Each HMI allows a user to monitor the entire system but, for safety’s sake, only allows the user to control devices located in the laser safety zone the HMI is located in. Indicators on the HMI show the status of all the safety devices in the system. They show not only if the device is on or off, but if it has failed electrically. Separate local and global active alarm lists of both custom safety alarms and automatically generated alarms indicate where the problem is in the system. Global and local alarm logs allow users to not only view the history of alarms but allow notes about major mode changes in the system to be recorded for evaluation.

Although all 4 HMIs function differently, many features are the same on all of them. All four were all coded with a single program that simply requires a different integer to be set before downloading the program to identify which HMI it is and have all the buttons respond accordingly.

The Cave A system was greatly revamped to accommodate the great increase in the number of devices controlled for BELLA as well as a wider variety of devices. BELLA has 14 access doors used to keep people out of areas that they can’t safely enter. Thirteen of these doors are used for laser safety.

Based on the access privileges of a user trying to enter a door, the system allows door with magnetic locks to be unlocked when other doors in the system are closed, producing a man trap so laser light can’t exit from any BELLA Laser Zones enabled for laser light production.

Other doors without mag locks are only monitored. If they are detected open when the Laser Zone they manage is enabled, the PPS will safety shut the laser system down. Shutting the lasers down is achieved through control of 18 laser shutters, three laser beam dumps, and 17 laser power supply enable circuits.

Two large window shutters also block two large picture windows which allow viewing the main laser bay while the laser is not active. If the system detects that either of these is not closed, it safely shuts the lasers down.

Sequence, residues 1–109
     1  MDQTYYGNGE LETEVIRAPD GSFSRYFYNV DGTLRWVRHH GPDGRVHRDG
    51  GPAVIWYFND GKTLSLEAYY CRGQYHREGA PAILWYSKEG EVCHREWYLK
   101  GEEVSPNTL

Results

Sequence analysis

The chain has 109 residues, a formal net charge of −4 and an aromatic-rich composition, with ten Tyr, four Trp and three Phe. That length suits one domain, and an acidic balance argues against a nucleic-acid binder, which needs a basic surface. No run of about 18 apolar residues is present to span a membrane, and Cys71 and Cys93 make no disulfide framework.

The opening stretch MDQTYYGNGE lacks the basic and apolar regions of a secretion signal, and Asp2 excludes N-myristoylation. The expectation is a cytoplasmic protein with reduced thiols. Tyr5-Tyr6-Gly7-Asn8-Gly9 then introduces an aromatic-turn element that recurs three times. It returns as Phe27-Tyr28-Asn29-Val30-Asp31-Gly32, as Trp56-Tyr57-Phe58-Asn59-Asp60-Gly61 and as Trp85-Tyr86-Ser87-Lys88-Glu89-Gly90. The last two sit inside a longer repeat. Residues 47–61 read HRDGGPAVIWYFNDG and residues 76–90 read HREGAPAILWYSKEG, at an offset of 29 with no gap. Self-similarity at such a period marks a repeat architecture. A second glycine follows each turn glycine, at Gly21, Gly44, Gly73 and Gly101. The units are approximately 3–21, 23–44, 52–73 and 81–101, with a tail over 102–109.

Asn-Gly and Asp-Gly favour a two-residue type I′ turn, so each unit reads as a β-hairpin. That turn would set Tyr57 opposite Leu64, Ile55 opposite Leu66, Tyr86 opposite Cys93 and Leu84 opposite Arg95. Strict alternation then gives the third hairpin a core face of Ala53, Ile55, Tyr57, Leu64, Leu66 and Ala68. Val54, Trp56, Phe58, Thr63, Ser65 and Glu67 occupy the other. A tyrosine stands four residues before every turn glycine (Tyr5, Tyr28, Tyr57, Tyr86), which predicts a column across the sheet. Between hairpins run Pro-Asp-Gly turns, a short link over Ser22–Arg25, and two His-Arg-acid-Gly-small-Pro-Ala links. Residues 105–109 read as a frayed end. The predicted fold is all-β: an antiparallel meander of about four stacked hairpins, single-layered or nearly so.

One access door leads to the Experimental Cave. This is the only zone where radiations should be produced. The PPS lets personnel into BELLA’s Experimental Cave to investigate the room before allowing a combination of radiation-generating devices to be enabled. Once the PPS ensures that the area has been fully checked, the door to the Experimental Cave is locked and multiple flashing lights and buzzers warn people that the system will soon be enabled for High Energy Mode. After a period of time, High Energy mode is enabled.

Whether High Energy mode is enabled or not, two radiation monitors located outside of the Experimental Cave will shut down the main laser shutter if radiation above a certain level is detected outside the cave.

Lasers always need some protection for safety, and that requirement soars when you’ve got the world’s most powerful laser. The personnel protection system ensures that BELLA can help researchers push science without endangering themselves or others. DSi has a proven track record for safety, based on Siemens automation solutions. The highly specialized safety system for BELLA will help scientists focus on research without worying about safety.

Photo Credit: Lawrence Berkeley Nat’l Lab – Ro